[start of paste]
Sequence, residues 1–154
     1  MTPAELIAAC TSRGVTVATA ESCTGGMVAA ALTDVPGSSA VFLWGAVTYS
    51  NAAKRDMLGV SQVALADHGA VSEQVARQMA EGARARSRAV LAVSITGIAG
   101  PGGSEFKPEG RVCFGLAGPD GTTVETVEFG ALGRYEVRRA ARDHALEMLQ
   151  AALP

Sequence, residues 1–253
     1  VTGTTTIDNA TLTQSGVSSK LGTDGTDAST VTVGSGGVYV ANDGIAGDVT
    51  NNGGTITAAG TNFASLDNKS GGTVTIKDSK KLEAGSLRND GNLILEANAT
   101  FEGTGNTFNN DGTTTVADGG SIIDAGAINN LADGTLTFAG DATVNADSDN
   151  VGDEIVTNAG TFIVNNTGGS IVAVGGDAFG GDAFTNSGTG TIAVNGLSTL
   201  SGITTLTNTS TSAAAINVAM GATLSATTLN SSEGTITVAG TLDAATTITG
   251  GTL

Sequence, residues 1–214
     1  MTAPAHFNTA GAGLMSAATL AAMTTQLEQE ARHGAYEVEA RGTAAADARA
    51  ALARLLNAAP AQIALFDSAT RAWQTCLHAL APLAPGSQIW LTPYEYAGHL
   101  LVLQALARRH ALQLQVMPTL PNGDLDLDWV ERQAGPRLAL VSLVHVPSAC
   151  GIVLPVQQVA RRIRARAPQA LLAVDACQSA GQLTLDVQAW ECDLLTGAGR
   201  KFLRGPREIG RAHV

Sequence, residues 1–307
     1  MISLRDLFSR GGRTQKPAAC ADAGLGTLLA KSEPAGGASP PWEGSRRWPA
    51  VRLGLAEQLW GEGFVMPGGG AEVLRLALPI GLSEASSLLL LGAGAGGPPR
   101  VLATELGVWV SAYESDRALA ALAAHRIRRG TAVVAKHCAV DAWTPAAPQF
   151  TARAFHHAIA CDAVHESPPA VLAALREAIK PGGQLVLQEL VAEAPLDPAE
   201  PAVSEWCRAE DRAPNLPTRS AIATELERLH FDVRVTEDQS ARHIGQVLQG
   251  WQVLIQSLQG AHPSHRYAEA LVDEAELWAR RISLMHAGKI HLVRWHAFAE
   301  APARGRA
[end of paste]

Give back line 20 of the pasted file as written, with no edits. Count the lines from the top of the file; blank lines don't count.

     1  MISLRDLFSR GGRTQKPAAC ADAGLGTLLA KSEPAGGASP PWEGSRRWPA